August is American Artists Appreciation Month. I began to appreciate great art on accident as a child. I grew up like any other 5-7 year old girl who liked to do your normal art activities like coloring, painting, and creating things with play-doh. Once I started school and made friends, I noticed that some of my art creations were a little different than others. For example, when I made mud pies in our back yard, I got to decorate the top with the various flower petals that my mom had growing in her flower gardens. I had the best looking mud pies on the block! You could say that was just my “budding” moment into the art world.
What do I mean by this? When I was a child, my brothers, sister and I, played this game called, “Masterpiece.” Well, to tell you the truth, I don’t actually remember playing the game. You see, I have a lot of older brothers and sisters and while they played this art auction game, I admired the paintings. My older brothers and sisters weren’t interested in my babbling auctioneer skills at that age, so I had to wait until they were done playing the game. Once they were done, I could get my hands on the paintings and do my bidding.
As I grew older, I was more interested in studying the paintings and finding out who the artists were than playing the game. Here is a sample of several paintings in the game that I played.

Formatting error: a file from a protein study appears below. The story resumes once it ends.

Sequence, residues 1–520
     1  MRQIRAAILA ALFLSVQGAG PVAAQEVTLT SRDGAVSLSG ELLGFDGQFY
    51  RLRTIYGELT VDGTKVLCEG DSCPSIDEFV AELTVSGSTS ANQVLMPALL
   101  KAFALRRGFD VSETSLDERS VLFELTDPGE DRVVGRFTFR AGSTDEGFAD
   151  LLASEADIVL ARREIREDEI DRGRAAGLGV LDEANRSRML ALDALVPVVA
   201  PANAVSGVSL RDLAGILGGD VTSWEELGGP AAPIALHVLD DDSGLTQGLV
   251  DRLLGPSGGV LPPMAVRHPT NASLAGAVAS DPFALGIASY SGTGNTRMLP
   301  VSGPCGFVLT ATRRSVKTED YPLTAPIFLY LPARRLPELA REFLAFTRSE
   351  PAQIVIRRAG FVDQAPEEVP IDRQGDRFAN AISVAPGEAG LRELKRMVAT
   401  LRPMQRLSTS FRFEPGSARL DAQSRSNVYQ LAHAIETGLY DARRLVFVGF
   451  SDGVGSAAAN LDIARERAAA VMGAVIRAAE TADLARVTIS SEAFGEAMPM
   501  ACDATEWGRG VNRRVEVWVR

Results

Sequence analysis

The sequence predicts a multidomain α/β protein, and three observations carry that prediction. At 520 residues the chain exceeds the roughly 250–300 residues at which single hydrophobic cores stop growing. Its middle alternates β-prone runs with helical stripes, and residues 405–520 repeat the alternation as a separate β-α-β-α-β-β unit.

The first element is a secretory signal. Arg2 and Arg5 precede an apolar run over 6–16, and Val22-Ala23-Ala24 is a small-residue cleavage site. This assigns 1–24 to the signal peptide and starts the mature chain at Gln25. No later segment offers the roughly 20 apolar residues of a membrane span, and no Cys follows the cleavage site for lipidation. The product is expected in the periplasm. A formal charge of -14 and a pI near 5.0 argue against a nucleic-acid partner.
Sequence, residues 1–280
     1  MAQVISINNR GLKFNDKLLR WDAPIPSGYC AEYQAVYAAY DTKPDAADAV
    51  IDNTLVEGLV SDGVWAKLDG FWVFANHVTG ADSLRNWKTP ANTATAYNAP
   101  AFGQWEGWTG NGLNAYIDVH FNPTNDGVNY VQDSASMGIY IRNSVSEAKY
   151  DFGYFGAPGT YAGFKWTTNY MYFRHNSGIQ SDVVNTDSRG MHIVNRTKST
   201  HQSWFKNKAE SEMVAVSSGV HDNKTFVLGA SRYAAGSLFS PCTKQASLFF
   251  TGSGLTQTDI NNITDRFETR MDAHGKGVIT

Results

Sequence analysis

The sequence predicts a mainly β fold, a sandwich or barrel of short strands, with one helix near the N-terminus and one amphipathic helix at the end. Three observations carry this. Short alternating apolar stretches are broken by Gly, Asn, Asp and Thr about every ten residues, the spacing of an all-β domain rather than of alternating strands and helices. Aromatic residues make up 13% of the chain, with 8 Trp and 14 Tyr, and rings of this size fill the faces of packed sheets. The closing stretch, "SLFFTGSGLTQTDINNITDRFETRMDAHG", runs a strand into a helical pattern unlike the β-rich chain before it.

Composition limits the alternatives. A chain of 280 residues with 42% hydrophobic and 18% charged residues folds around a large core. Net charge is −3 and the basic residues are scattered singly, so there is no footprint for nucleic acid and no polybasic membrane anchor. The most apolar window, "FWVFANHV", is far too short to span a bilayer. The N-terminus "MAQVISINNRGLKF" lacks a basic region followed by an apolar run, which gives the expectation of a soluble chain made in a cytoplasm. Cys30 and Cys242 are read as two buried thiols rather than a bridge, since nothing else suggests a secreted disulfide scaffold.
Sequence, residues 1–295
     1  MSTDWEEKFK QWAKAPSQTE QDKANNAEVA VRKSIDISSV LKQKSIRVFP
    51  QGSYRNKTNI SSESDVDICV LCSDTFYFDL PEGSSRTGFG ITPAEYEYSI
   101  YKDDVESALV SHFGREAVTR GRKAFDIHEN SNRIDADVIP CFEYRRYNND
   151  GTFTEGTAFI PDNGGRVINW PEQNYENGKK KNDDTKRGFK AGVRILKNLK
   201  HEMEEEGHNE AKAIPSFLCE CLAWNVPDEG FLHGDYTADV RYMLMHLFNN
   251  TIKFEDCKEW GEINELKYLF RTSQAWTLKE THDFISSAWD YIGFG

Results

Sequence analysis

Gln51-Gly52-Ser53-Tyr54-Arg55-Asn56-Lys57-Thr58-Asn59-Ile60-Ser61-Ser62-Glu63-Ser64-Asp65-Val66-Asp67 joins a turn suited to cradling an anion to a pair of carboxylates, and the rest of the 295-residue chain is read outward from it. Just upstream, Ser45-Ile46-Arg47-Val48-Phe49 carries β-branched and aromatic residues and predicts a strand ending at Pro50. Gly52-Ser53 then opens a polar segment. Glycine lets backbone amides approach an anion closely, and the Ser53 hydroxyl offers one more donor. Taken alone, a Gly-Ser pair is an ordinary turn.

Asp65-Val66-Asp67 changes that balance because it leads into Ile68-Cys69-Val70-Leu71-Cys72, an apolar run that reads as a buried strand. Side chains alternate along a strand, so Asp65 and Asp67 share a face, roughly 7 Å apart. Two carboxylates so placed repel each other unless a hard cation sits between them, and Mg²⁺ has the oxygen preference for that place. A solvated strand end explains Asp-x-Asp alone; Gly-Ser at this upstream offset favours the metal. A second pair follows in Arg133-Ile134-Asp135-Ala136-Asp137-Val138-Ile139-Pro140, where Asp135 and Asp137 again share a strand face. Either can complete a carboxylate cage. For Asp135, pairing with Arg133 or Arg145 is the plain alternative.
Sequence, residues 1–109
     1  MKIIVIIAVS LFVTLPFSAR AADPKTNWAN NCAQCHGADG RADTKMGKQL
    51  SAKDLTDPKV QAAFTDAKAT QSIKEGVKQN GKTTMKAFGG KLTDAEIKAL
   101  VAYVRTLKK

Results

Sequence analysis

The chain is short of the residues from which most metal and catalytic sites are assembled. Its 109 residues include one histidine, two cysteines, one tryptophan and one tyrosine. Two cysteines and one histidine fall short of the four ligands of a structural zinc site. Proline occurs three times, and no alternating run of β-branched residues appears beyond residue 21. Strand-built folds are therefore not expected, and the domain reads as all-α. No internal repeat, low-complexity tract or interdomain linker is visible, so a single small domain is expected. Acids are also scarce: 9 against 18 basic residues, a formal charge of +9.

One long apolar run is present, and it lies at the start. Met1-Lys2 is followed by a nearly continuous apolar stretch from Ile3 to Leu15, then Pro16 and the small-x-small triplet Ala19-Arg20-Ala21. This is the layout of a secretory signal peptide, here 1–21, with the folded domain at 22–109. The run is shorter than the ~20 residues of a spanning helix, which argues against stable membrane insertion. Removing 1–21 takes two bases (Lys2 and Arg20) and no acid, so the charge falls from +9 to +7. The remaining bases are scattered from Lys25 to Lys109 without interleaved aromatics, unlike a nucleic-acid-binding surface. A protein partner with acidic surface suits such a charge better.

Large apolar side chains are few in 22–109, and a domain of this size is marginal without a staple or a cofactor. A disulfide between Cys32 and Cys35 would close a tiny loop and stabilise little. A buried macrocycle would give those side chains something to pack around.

In my research of the game, I found out that there are actually three editions of the game from Parker Brothers: 1970, 1976, and 1996. The pictures above came from the 1976 one, which contained works of art all found at the Art Institute of Chicago. The game is now out of print, but can be found on Amazon. The price for the game now can be from about $50-$200! I need to check to see if my parents still have it before any of my siblings find out!
In the 1970’s game, there are 24 painting cards that contain paintings on display at the National Gallery of Art in London, England, such as Vincent van Gogh’s Sunflowers, Paul Cézanne’s Aix: Paysage Rocheux, Leonardo da Vinci’s The Virgin and Child with St Anne and St John the Baptist, Pierre-Auguste Renoir’s Les Parapluies and Claude-Oscar Monet’s The Beach at Trouville.
In the 1996 game, the painting cards feature different paintings from the Art Institute of Chicago, such as Paul Cézanne’s The Basket of Apples, Edward Hopper’s Nighthawks, James Abbott McNeill Whistler’s Violet and Silver – The Deep Sea, Paul Gauguin’s Old Women of Arles and Vincent van Gogh’s The Bedroom.
Have you ever played the game, “Masterpiece?” What do you think of using this game to teach children about art and artists?